Mr. Speaker, I am pleased to speak to these issues and to thank all those Canadians from coast to coast to coast who appeared before our committee. Hundreds of Canadians submitted their views on the government's upcoming budget and I, along with all my colleagues, would like to thank them all, as well as to thank the clerk and the House of Commons staff who made our trip very pleasant and very well organized.
I recall some months ago, when replying to the budget, that I characterized that budget with three words: meanspirited, dishonest and unproductive. The events since the budget and our hearings across the country, as well as the proposals put forward in the fiscal update have simply reinforced those three themes. I would like to make my remarks today under those same three headings.
I will begin with the notion of meanspiritedness. The $1 billion in cuts that the government announced some time ago came up just as we were crossing the country and meeting Canadians. Of all the people who came before our committee, many were there to protest the cuts and to describe to committee members the impact of those cuts, sometimes in graphic detail.
We had people come to our committee and decry and criticize the government for its cuts to literacy programs and to explain to us how crucial those were and how meanspirited it was to cut those programs. We had representatives from museums who described to committee members the great difficulties in their communities, sometimes small communities, caused by these cuts to museums. We had people complaining about the cuts to the court challenges program, to the internship program and to the Law Commission.
I am very pleased that the opposition parties came together on these matters and that we in opposition voted unanimously and with enthusiasm, as one of the recommendations of our committee, to reinstate those meanspirited cuts so that the government would cancel the cuts and restore the funding to Status of Women, to literacy programs, to the museums and so on because that was the clear consensus of Canadians we heard from coast to coast to coast. It also was the clear consensus of all opposition members on the committee.
I would point out one small example of supreme meanspiritedness. This reflects the disability committee that was advisory to the Minister of National Revenue. It was set up as a consequence of a technical report and when I was minister of revenue I remember inaugurating this committee to advise the minister of revenue on measures affecting disabled Canadians. Most members of the committee were disabled in some fashion themselves and so had first-hand experience on the issues. These people put in a great deal of work and just recently one committee member came to see me to report a couple of things.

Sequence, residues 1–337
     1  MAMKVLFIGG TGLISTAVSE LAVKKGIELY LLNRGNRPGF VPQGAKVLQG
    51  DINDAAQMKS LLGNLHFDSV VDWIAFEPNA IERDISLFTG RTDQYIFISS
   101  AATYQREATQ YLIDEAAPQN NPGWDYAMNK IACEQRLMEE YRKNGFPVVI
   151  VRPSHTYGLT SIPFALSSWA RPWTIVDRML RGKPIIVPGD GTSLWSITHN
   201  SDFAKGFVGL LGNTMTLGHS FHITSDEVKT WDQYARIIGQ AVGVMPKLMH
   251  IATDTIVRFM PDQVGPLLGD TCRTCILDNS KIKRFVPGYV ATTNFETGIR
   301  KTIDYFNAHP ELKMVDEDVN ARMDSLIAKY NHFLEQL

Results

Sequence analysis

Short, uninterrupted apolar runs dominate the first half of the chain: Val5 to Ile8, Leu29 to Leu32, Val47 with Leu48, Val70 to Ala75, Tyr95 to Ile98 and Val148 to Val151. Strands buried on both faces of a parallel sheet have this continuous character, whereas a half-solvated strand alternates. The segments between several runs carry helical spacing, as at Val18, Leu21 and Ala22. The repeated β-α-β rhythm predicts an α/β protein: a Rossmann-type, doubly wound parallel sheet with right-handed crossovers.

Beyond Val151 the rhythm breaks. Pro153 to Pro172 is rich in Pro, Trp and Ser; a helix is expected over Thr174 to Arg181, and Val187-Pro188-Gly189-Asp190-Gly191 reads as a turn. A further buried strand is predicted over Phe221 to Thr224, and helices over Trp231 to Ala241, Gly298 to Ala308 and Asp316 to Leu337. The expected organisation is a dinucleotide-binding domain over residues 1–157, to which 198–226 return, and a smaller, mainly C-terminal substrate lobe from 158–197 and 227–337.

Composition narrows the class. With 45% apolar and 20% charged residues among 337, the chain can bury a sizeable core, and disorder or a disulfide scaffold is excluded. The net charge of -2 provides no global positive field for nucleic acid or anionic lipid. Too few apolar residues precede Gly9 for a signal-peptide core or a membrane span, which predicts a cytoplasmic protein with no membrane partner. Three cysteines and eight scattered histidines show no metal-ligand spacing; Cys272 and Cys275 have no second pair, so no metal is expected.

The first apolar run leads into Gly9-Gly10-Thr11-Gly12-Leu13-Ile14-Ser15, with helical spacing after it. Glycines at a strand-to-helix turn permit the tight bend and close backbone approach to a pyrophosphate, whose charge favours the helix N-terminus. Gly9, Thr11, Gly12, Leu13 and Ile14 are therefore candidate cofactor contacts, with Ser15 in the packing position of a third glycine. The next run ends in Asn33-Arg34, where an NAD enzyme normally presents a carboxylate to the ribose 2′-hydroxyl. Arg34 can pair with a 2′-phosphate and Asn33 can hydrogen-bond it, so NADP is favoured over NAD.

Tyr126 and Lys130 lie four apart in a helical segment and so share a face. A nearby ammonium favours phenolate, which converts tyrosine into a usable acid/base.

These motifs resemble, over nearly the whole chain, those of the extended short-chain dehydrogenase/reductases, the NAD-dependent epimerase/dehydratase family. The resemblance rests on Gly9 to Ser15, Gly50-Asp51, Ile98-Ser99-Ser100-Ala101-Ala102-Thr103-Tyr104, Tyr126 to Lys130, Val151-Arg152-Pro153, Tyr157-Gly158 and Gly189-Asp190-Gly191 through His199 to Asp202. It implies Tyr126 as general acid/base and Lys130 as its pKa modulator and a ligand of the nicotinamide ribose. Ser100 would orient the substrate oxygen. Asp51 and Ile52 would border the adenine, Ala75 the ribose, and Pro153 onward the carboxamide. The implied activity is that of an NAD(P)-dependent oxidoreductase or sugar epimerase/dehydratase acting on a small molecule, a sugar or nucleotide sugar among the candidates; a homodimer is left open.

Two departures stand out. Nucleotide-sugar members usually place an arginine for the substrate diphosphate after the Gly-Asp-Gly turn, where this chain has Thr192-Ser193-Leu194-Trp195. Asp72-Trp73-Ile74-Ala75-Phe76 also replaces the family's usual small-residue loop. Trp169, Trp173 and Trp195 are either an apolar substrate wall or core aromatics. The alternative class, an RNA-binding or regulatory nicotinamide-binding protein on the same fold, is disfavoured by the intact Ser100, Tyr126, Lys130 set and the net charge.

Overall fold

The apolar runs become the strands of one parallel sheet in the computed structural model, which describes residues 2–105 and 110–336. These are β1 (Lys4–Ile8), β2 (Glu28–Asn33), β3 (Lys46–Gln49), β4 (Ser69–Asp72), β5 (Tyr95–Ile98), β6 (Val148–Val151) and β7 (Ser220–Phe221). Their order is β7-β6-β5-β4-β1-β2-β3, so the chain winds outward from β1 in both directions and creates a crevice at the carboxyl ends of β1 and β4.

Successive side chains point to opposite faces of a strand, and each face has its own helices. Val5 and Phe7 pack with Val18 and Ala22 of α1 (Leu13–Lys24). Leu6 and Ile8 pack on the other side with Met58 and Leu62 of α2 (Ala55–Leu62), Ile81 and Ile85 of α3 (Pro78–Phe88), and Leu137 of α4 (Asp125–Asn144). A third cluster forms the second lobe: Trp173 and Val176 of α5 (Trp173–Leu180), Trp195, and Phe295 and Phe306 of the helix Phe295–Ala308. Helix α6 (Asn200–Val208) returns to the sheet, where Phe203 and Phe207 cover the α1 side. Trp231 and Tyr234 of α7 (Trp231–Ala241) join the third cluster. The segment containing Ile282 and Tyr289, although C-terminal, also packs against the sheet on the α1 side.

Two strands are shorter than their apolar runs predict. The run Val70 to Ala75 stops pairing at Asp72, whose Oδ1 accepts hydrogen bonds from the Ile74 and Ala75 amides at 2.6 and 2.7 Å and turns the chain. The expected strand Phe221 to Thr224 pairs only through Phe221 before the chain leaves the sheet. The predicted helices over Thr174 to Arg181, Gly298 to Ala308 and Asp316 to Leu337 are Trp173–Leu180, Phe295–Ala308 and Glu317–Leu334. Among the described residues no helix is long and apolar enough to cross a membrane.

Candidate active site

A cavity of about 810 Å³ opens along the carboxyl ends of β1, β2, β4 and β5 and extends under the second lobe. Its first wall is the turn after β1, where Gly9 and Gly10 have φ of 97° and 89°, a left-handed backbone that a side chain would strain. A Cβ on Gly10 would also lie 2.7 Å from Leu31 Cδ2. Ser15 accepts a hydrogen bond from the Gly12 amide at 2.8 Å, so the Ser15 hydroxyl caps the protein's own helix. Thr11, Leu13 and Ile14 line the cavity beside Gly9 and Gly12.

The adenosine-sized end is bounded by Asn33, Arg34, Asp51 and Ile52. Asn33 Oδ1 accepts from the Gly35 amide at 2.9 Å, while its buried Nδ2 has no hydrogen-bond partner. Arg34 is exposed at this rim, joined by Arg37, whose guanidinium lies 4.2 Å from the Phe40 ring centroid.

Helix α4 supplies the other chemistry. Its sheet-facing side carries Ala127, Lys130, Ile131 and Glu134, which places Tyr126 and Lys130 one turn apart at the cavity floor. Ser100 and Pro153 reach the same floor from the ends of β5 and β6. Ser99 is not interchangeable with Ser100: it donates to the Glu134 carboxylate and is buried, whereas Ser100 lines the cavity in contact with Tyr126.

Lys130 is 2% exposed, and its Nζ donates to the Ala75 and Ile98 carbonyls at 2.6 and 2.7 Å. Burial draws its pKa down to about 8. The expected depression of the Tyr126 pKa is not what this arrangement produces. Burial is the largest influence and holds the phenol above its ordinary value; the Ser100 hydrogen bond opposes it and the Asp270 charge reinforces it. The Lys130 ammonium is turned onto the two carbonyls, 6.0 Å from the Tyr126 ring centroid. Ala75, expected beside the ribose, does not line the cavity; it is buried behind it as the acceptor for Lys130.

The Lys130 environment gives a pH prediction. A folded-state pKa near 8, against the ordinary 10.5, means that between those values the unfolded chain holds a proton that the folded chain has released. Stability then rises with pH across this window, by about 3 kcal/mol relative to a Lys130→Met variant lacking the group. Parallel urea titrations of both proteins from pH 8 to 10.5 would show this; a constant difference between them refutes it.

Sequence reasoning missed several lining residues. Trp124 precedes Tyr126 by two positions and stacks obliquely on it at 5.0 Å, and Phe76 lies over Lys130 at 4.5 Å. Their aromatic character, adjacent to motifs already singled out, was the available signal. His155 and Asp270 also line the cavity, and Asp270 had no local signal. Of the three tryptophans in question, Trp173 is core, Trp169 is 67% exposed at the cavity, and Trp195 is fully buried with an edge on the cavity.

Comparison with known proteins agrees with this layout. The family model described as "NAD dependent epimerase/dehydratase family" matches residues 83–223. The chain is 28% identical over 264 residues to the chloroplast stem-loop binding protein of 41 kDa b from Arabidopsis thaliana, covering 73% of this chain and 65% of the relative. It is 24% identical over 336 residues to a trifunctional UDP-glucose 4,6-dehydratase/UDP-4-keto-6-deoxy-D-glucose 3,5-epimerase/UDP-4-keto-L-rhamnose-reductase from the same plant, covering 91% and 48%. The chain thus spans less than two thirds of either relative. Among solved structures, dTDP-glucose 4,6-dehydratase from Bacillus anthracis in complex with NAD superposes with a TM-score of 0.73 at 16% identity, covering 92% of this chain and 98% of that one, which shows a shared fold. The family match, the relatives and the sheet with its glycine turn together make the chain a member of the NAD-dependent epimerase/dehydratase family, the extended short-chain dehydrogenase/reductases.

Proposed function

First, he pointed out that the government had summarily terminated the services of this disability advisory committee to the Minister of National Revenue and of all such committees at a cost saving of 1/100 of 1% of the budget of the Canada Revenue Agency. However, this individual, a member of the committee, and his colleagues were enthusiastic about their work. They thought it was important to disabled Canadians so they were continuing their work on a volunteer basis even though they had been disbanded by the government. He also told me that the chair of the committee had written to the minister to ask for an explanation but has not, some months later, received a reply.
This example, while it is not major in terms of dollars, is a good reflection of the meanspiritedness of the government that it would simply summarily cut the work of a committee to advise the government on how to make the tax system more responsive to people with disabilities and how it would not even respond to the chair of that committee when he wrote to the minister to ask for an explanation.
On the subject of meanspiritedness, the $1 billion in cuts, which Canadians across the country opposed and which the committee voted to reinstate, are only the tip of the iceberg. We have been asking questions for months trying to get the government to tell Canadians what it is cutting that amounts to a total of over $7 billion and the government has not come clean.
We, as an opposition, had to resort to access to information documents and we discovered the detailed cuts for Natural Resources Canada. This government document lists, under the heading “Program Cuts”, NRCan affected programs, six or seven items totalling $585 million. It says that other government programs $6.9 billion. Evidently, the government has at its disposal information on cuts detailed in each and every department and we, in the opposition, despite efforts for months, have failed to convince the government to reveal those cuts to Canadians.
We do know there are major cuts in post-secondary education and in research. However, unlike our government which, when we did our expenditure review, we itemized every cut line by line on the day of the budget, the Conservative government, months later, has yet to come clean and explain to Canadians who the victims are and where the cuts have been made. We believe this is a matter of basic accountability.
My first point, to conclude on the question of meanspiritedness, is that Canadians from coast to coast to coast flooded to our committee to tell us the dire consequences of the cuts to Status of Women, literacy, museums and other cuts that have affected the most vulnerable Canadians. We, as an opposition, united in the committee report to urge the government to reinstate those cuts.
As I said, the $1 billion in cuts are simply the tip of the iceberg. The government has yet to come clean with Canadians. This is a question of a basic lack of accountability. On this day of signing into law the accountability act, the government has yet to tell Canadians who will be affected by the additional $7.4 billion in cuts.